The Lives of Things by José Saramago is published today, the 38th anniversary of Portugal's Carnation Revolution. One of the stories, Revenge, is published today in the Morning Star:
The boy was coming from the river. Barefoot, with his trousers rolled up above his knees, his legs covered in mud.
He was wearing a red shirt, open in front where the first hairs of puberty on his chest were beginning to blacken. He had dark hair, damp with the sweat that was trickling down his slender neck. He was bent slightly forward under the weight of the long oars, from which were hanging green strands of water-weeds still dripping. The boat kept swaying in the murky water, and nearby, as if spying, the globulous eyes of a frog suddenly appeared. Then the frog moved suddenly and disappeared. A minute later the surface of the river was smooth and tranquil and shining like the boy's eyes. The exhalation of the mud released slow, flaccid bubbles of gas which were swept away by the current. In the oppressive heat of the afternoon, the tall poplars swayed gently, and, in a flurry, like a flower suddenly blossoming in mid-air, a blue bird flew past, skimming the water. The boy raised his head. On the other side of the river, a girl was watching him without moving. The boy raised his free hand and his entire body traced out some inaudible word. The river flowed slowly...
Visit the Morning Star to read the full story .
Jeff Wall, Citizen, 1996, black-and-white photograph, 71 1/4 x 92 1/8".
The man sleeping in a public park in Jeff Wall's Citizen, 1996, represents an act of criticism, a transgression of borders, an inspiring example of both potential and practical citizenship. Ever since seeing Wall's photograph at Documenta 10 in 1997, whenever I see anyone asleep in a public park-whether someone homeless or someone, like the man in this image, who looks like he or she has a home to go to-I cannot help thinking of him or her as claiming a share in a public space. And if citizens can assert their right to sleep in public, they can also rebel against a sign prohibiting the erection of tents, such as the one that addresses visitors to Manhattan's Zuccotti Park.
Stephen Graham appeared on Radio 4's Thinking Allowed to discuss Cities Under Siege: The New Military Urbanism with Laurie Taylor and Melissa Butcher of the Open University.
Graham explains how military ideas of controlling space, honed in war zone cities like Baghdad, are being repackaged and sold to civilian police in Western cities. Concepts like 'smart' CCTV which attempts to identify suspicious behaviours in urban crowds, & the creation of fortified enclaves in certain areas, modelled on the Iraqi Green Zone, and the use of surveillance drones are all being imported back to Western cities after being developed in foreign warzones.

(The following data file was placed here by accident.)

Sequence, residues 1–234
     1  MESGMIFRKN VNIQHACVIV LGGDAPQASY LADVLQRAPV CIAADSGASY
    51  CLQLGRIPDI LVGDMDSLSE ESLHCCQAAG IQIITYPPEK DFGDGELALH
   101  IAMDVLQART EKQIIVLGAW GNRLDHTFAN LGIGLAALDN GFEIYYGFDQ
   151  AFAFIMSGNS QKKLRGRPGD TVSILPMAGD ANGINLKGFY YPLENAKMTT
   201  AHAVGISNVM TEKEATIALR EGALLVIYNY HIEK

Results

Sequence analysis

Graham views these new methods as more Minority Report than Big Brother - new CCTV technologies are designed to attempt to prempt terrorist attacks by scanning crowds, learning from previous incidents and trying to predict suspicious activity through monitoring behaviour.
An extract from Paul Mason's Why It's Kicking Off Everywhere: The New Global Revolutions is published in the Guardian's G2 supplement today. Mason explains the role of technology and the importance of the network in recent global unrest.
Social media and new technology were crucial in shaping the revolutions of 2011, just as they shaped industry, finance and mass culture in the preceding decade. What's important is not that the Egyptian youth used Facebook, or that the British students used Twitter and the Greek rioters organised via Indymedia, but what they used these media for - and what such technology does to hierarchies, ideas and actions.
Here, the crucial concept is the network - whose impact on politics has been a long time coming. The network's basic law was explained by Bell Telephone boss Theodore Vail as early as 1908: the more people who use the network, the more useful it becomes to each user. (The most obvious impact of the "network effect" has been on the media and ideology. Long before people started using Twitter to foment social unrest, mainstream journalists noticed - to their dismay -that the size of one's public persona or pay cheque carried no guarantee of popularity online. People's status rises and falls with the reliability and truthfulness of what they contribute.)
Slavoj Zizek in an interview for Germany's Deutsche Welle television, talking about Occupy, communism and the need for a reinvention of democracy.